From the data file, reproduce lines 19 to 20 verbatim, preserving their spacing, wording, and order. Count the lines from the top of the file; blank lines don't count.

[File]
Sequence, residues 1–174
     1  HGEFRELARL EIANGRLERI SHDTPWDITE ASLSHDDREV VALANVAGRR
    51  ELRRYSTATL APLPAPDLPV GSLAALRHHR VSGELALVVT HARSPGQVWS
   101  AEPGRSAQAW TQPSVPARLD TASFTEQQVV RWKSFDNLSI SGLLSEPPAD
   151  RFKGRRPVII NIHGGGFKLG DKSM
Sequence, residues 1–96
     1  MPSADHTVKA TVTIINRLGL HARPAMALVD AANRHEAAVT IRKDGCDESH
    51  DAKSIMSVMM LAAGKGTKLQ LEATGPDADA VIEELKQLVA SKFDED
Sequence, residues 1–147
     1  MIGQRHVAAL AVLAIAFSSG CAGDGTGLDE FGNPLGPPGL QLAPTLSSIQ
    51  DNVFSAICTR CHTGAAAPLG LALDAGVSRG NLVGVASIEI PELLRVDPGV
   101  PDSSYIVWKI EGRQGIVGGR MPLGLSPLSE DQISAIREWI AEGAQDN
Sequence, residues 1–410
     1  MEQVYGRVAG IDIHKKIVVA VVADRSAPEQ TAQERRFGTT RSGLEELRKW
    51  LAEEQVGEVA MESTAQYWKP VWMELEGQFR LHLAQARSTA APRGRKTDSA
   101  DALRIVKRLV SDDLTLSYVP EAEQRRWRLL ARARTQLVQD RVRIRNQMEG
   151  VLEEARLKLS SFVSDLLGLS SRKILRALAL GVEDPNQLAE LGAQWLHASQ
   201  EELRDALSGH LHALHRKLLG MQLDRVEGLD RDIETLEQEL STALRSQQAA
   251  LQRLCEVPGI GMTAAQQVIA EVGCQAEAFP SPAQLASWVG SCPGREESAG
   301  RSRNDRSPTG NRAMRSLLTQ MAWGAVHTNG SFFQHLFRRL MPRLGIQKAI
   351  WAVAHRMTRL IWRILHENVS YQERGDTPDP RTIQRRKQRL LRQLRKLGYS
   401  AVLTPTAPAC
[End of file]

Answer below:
   251  LQRLCEVPGI GMTAAQQVIA EVGCQAEAFP SPAQLASWVG SCPGREESAG
   301  RSRNDRSPTG NRAMRSLLTQ MAWGAVHTNG SFFQHLFRRL MPRLGIQKAI